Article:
An Address, Delivered Before the Trustees, Faculty, and Students, of La Fayette College, Easton, Pa. at Its First Commencement for Conferring Degrees, on the 22d of September, 1836

J. and W. Kite, printers

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Publisher
J. and W. Kite, printers
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Published on
Dec 31, 1836
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Pages
24
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Language
English
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William Rawle
This treatise was the first comprehensive study of the United States Constitution, and one of the most important. Originally published: Philadelphia: Philip H. Nicklin, 1829. viii, 349 pp. Though concise, Rawle provides a systematic analysis of the Constitution's articles, as well as its historical background and philosophy. It is also a historically significant work because it suggests that states have a right to secede from the Union. A popular textbook used in schools with large numbers of southern pupils, such as the U.S. Military Academy, it and is generally considered to have influenced the leaders and supporters of the Confederacy).
"Though admittedly a valuable and able study, Rawle's View of the Constitution stirred up controversy. Rawle himself was a Federalist, but his studies in government had led him to the judgment that the Union was not irrevocable. His final chapter on "The Union" includes a detailed statement that the right of secession was necessary to the fundamental right of a people to choose their own form of government. (. . .) In several ways, Rawle may be considered as providing the transitional step between the North and the South. His View was published midway between the inauguration of the Federal Government and the outbreak of the War Between the States." --Elizabeth Kelley Bauer, Commentaries on the Constitution, 1790-1860 63).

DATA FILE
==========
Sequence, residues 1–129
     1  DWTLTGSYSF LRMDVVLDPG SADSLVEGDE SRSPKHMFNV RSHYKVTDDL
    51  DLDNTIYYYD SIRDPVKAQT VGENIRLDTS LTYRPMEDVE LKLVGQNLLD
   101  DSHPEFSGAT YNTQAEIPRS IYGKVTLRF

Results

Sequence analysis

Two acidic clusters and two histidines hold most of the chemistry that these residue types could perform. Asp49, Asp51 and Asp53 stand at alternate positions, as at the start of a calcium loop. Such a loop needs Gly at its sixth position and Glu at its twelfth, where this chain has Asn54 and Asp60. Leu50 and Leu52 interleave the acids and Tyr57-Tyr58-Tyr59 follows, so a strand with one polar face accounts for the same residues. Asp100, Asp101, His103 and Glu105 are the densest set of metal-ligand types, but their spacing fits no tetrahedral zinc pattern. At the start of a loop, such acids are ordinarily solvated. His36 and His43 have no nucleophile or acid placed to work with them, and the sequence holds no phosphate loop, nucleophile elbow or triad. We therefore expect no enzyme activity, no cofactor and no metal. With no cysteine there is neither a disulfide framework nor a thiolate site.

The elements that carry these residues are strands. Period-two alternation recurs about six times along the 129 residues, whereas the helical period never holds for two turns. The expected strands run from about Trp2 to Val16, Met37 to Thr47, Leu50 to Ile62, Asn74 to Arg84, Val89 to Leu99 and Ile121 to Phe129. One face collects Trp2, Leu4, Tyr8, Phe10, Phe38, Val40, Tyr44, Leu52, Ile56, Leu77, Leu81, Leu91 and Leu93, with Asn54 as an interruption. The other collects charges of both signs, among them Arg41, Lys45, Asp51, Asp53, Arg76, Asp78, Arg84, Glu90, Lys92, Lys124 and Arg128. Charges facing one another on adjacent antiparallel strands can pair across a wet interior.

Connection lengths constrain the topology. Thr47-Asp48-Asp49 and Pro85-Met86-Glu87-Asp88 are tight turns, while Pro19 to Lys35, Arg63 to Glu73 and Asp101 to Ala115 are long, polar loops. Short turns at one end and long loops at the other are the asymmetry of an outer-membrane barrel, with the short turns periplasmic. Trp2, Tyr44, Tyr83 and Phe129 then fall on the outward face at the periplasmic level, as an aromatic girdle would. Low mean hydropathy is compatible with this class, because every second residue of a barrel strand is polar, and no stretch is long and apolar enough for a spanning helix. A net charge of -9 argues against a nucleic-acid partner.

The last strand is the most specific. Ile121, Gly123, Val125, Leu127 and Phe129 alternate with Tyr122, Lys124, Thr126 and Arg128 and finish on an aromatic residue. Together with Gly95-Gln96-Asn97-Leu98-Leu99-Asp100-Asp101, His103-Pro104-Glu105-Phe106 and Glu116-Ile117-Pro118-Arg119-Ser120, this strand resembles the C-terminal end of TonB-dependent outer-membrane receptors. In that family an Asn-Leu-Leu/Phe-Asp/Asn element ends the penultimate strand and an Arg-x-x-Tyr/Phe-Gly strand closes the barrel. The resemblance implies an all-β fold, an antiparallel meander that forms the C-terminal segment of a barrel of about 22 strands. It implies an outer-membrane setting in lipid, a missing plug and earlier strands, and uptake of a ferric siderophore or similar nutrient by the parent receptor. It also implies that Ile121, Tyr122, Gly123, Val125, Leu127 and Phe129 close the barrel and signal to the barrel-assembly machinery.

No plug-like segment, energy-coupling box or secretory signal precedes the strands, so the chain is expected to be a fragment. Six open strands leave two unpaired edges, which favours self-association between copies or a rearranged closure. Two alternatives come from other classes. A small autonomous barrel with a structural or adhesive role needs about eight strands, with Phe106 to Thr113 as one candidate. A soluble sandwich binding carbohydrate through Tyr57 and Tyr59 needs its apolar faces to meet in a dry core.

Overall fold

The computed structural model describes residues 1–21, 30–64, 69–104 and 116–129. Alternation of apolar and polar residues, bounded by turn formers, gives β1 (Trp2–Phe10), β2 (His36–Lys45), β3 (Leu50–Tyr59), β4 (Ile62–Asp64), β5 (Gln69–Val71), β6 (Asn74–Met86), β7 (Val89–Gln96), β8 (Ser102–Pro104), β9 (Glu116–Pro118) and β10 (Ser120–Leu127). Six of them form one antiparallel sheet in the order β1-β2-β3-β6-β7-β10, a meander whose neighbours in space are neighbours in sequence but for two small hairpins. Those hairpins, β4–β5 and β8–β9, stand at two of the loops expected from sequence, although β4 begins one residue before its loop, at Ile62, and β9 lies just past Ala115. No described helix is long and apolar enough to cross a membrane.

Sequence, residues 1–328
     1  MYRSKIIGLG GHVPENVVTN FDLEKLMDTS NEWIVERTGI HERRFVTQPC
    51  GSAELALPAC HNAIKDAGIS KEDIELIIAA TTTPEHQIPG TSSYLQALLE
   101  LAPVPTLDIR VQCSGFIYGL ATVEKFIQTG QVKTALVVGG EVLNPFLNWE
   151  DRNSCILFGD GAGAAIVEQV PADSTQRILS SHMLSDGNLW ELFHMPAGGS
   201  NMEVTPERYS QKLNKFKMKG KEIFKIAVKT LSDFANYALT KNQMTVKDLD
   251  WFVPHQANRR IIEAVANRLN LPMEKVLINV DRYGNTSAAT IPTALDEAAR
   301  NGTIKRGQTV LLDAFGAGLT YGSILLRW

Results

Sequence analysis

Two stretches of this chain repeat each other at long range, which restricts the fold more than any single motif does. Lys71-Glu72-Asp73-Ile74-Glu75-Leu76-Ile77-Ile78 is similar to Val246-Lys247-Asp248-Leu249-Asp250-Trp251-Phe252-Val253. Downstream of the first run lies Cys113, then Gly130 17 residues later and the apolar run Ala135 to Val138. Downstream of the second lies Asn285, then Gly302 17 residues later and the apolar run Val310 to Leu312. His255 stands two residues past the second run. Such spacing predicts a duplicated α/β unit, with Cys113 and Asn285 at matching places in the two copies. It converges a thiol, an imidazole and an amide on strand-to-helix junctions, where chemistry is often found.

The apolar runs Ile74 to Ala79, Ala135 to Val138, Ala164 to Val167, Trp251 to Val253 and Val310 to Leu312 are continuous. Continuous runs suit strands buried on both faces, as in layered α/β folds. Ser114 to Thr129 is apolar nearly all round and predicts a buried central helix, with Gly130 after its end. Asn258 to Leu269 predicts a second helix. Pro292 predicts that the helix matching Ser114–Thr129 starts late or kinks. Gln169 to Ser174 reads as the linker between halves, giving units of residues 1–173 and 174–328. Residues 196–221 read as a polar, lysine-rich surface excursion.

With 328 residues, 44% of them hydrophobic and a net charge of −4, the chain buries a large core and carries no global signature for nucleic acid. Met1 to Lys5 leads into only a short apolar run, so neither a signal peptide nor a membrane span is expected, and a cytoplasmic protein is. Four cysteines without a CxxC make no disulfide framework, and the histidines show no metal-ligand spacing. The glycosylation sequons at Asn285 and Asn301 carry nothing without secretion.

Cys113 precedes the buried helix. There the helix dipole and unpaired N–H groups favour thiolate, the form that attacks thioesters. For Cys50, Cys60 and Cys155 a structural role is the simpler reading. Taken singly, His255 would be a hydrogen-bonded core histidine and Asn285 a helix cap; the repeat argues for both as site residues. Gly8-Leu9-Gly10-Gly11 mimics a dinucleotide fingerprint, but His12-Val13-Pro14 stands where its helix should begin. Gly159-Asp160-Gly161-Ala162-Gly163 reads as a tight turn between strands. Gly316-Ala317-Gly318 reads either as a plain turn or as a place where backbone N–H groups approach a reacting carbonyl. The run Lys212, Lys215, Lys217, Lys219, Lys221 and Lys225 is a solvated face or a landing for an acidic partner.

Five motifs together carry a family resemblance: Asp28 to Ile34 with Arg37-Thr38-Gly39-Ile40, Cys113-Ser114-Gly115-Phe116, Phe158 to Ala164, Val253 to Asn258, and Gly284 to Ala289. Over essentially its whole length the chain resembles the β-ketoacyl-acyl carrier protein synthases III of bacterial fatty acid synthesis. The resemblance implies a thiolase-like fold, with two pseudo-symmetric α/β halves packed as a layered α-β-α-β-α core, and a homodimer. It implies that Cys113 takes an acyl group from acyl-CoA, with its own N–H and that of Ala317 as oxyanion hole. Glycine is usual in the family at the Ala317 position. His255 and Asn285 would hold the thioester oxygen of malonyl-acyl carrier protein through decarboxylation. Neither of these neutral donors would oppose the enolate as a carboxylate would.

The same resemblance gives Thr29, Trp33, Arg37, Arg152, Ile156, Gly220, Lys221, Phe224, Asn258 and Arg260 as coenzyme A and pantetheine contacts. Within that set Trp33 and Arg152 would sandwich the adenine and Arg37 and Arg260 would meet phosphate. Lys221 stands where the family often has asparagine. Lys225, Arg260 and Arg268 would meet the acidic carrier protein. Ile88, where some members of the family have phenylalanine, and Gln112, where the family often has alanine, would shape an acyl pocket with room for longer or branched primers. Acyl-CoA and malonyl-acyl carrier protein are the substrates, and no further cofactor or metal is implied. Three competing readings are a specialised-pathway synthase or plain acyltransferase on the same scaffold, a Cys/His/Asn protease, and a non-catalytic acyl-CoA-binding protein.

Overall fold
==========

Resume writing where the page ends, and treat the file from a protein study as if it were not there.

WILLIAM RAWLE [1759-1836] was a pillar of Pennsylvania's legal establishment and a highly regarded attorney and educator. In 1791 President George Washington appointed him the U.S. district attorney for Pennsylvania. In 1830 Rawle helped revise the civil code of Pennsylvania.
William Rawle
This treatise was the first comprehensive study of the United States Constitution, and one of the most important. Originally published: Philadelphia: Philip H. Nicklin, 1829. viii, 349 pp. Though concise, Rawle provides a systematic analysis of the Constitution's articles, as well as its historical background and philosophy. It is also a historically significant work because it suggests that states have a right to secede from the Union. A popular textbook used in schools with large numbers of southern pupils, such as the U.S. Military Academy, it and is generally considered to have influenced the leaders and supporters of the Confederacy).
"Though admittedly a valuable and able study, Rawle's View of the Constitution stirred up controversy. Rawle himself was a Federalist, but his studies in government had led him to the judgment that the Union was not irrevocable. His final chapter on "The Union" includes a detailed statement that the right of secession was necessary to the fundamental right of a people to choose their own form of government. (. . .) In several ways, Rawle may be considered as providing the transitional step between the North and the South. His View was published midway between the inauguration of the Federal Government and the outbreak of the War Between the States." --Elizabeth Kelley Bauer, Commentaries on the Constitution, 1790-1860 63).
WILLIAM RAWLE [1759-1836] was a pillar of Pennsylvania's legal establishment and a highly regarded attorney and educator. In 1791 President George Washington appointed him the U.S. district attorney for Pennsylvania. In 1830 Rawle helped revise the civil code of Pennsylvania.
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